You'd never guess it now, but Annabelle Cabrera used to be a rock star. And not like her mom or dad called her a "total rock star" after she won a spelling bee or something. She was a real rock star, the bassist of Egg Mountain, the most popular band in the New York music scene. But when her parents uproot her from Brooklyn and move her to Rhode Island so they can record their own album, Annabelle feels lost. Starting a new band isn't as easy as she'd hoped, the school's rival band is a bunch of bullies, and her parents are so immersed in recording that they're completely neglecting Annabelle and her younger brother. How can Annabelle truly make herself heard?
About the Author
Josh Farrar is a writer and musician. He has written over 200 songs, but Rules to Rock By is his first book. Josh drew on his own experience playing in bands as a teenager, but he was equally inspired by such contemporary indie-teen bands as Care Bears on Fire, Smoosh, and Tiny Masters of Today. Josh has collaborated with the Creative Arts Program in Brooklyn to record demos of up-and-coming tween bands, as well as with the Willie Mae Rock Camp to develop scholarships for future rockers. Josh lives in Brooklyn, NY.
- Reading level: Ages 9-12
- Hardcover: 256 pages
- Publisher: Walker Books for Young Readers (June 22, 2010)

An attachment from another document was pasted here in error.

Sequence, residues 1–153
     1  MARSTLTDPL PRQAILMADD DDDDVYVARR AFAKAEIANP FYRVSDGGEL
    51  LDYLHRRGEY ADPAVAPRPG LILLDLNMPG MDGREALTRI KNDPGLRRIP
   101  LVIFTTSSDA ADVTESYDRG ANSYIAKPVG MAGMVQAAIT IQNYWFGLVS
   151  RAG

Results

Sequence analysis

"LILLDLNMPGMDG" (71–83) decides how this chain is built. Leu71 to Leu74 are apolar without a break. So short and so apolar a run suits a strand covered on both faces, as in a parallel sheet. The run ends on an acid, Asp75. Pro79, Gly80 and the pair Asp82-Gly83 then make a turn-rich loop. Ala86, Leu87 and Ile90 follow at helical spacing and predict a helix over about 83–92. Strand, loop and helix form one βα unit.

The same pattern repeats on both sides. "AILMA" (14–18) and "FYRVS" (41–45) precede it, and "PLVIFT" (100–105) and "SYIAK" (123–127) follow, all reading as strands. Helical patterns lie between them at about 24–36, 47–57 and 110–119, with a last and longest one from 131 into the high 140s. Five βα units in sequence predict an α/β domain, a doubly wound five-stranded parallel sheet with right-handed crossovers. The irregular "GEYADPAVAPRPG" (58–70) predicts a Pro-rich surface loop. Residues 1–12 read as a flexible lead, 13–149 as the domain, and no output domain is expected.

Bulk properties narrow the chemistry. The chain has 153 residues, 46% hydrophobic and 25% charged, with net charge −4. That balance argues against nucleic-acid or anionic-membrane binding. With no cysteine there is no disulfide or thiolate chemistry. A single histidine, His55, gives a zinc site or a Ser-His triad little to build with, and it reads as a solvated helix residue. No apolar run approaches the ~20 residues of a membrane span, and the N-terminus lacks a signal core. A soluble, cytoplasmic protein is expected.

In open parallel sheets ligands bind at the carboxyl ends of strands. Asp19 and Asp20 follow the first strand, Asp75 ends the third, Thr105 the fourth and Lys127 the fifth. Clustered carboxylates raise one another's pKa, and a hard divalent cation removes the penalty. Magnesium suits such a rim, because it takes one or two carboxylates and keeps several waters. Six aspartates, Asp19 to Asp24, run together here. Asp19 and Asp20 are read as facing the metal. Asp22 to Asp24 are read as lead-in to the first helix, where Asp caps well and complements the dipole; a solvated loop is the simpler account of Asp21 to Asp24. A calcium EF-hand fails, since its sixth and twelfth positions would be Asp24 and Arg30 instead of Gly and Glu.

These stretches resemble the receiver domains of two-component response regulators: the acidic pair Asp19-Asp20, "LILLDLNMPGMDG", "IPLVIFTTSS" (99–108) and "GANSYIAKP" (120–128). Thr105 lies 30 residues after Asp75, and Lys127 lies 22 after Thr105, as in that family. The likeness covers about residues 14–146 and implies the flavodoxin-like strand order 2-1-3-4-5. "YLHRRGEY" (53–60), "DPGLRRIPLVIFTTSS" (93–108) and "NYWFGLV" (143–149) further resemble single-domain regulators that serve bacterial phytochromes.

- Language: English
- ISBN-10: 080272079X
- ISBN-13: 978-0802720795
This book is almost pitch perfect. The story line of Annabelle, tween rocker, is a perfect mix of music and word. This should engage that hard to reach target of 10-12 year-olds and especially reluctant readers. I think even their hipster parents will be peeking at the pages of this one. Annabelle finds herself ripped from her hip and happening life and shoved into fending for herself at the age of twelve. She finds herself trapped between wanting to be a child and having to be a grown up since her parents are not parenting her. This part of the story is more reality than you might think. There are a lot of kids pushed into this role as after school care and family support becomes extinct.
Farrar really nailed the voice of Annabelle and how she is trying to do her best, but is really just a kid. I would love to see this story continued. The only flat point for me in the whole book was that the bullying portion was glossed over. I think that arc was necessary for the story to be resolved, but it would have been nice to see the parents actually more involved in resolving it. Then again, sometimes parents aren't paying attention.